The Cardinal's reflections on 2003
All up Cardinal Pell saw 2003 as "another good year" for Australia with mixed blessings for the Church: "Probably 2003 saw more public criticism of the Catholic Church than any year since Federation. Ironically more young men started studying for the priesthood in Sydney in early 2003 than in any year for 20 or 30 years."
Following is the text of his end of year reflection published in the Sunday Telegraph.
For lucky Australia, it was another good year
By + Cardinal George Pell
Archbishop of Sydney
4 January 2004
We have seen out the old year 2003 and for most Australians it wasn't too bad. We are still a lucky country.
Someone once wrote that coincidences are events where God remains anonymous. In that sense Australia is blessed by hard work, wisdom and many happy coincidences.
The year ended where it began, in the Middle East, with the devestating earthquake in Iran. At the start of the year, attention was focussed on an anticipated war in Iraq, where victory followed quickly.
Terrorist violence has proved much harder to eliminate, but the capture of Saddam Hussein was a boost for all people of good will, all democrats. I was surprised how pleased and relieved I was by his imprisonment. It would be another boost if Osama bin Laden could be soon captured.
The flow of illegal boat people has been checked, at least for the moment. But some unfortunates still remain in prison after many months, perhaps years. Our policy is too tough. Everyone should be processed quickly.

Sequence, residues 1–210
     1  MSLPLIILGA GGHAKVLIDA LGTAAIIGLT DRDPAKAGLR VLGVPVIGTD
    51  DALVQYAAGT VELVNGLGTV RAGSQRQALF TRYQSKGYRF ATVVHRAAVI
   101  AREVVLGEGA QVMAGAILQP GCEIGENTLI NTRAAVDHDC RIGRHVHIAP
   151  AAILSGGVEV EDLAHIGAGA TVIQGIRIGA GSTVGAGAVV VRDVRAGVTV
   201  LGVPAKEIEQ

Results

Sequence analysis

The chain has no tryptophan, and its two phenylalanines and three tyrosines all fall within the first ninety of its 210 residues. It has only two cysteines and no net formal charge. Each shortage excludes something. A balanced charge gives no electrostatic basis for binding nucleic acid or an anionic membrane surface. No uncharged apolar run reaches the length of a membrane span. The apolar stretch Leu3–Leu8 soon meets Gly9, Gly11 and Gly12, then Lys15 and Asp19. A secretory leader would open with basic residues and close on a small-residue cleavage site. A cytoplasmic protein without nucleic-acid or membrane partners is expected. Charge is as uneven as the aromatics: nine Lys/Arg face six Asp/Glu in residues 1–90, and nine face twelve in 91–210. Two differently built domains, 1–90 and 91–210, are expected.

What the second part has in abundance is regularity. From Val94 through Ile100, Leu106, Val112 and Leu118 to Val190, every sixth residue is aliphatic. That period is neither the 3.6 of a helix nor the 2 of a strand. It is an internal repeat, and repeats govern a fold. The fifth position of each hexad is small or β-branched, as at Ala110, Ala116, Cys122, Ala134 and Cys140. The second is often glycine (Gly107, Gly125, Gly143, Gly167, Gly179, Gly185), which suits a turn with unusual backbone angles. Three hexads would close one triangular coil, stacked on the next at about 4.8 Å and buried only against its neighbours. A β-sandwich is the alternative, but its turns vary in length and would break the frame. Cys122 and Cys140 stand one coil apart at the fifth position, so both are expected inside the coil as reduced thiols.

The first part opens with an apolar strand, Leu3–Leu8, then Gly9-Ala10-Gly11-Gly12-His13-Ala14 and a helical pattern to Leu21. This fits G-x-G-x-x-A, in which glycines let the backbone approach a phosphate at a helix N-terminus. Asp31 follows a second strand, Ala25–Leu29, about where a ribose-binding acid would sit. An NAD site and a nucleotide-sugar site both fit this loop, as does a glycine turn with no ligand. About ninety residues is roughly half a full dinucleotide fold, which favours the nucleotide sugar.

It is disturbing when Australian courts rule that it should be of no relevance to the Australian government that refugees are being returned to imprisonment, perhaps even to violence and death in their country of origin. This is not the true Australia speaking - and if this is what our legislation requires, it should be changed.
It is one thing to insist that all immigrants and refugees should follow proper procedures to come here. It is quite different, and awful, when genuine asylum seekers come to us, flee here outside the system, are caught, imprisoned for months or years and then told that it does not matter to us at all what their fate might be when they are returned.
This is not only ungenerous; it is unjust. Victims of oppression usually make loyal and productive citizens, when they are welcomed, treated fairly and helped.
Despite this, or perhaps because of it, the Prime Minister continued to dominate Federal politics, while the election of a new Opposition Leader brought a surge of excitement and twinges of apprehension.
Probably 2003 saw more public criticism of the Catholic Church than any year since Federation. Ironically more young men started studying for the priesthood in Sydney in early 2003 than in any year for 20 or 30 years.
2003 was a quieter year for the Christian Churches, even with the resignation of Archbishop Hollingworth as Governor General and the unfortunate decisions here and in the United States to ordain active homosexuals.
The health of Pope John Paul II continues to decline, although he created 30 new cardinals from around the world, so that Australia was in the unusual situation of having three cardinals, wildly disproportionate to our 5 million Catholics from one billion world-wide.
The sports news was mixed. Hewitt slipped in the rankings, the Wallabies nearly stole the World Cup from England and thrashed New Zealand, Brisbane continued supreme in the A.F.L. and India showed that our cricket supremacy is under threat.
All in all there have been many worse years and Australia remained a marvellous place to live for most of us.
Archdiocese of Sydney website
6 Jan 2004